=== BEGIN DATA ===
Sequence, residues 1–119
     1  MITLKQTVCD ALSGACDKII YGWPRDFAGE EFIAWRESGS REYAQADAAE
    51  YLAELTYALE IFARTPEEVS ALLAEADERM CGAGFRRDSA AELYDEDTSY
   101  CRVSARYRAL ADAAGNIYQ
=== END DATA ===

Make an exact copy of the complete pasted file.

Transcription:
Sequence, residues 1–119
     1  MITLKQTVCD ALSGACDKII YGWPRDFAGE EFIAWRESGS REYAQADAAE
    51  YLAELTYALE IFARTPEEVS ALLAEADERM CGAGFRRDSA AELYDEDTSY
   101  CRVSARYRAL ADAAGNIYQ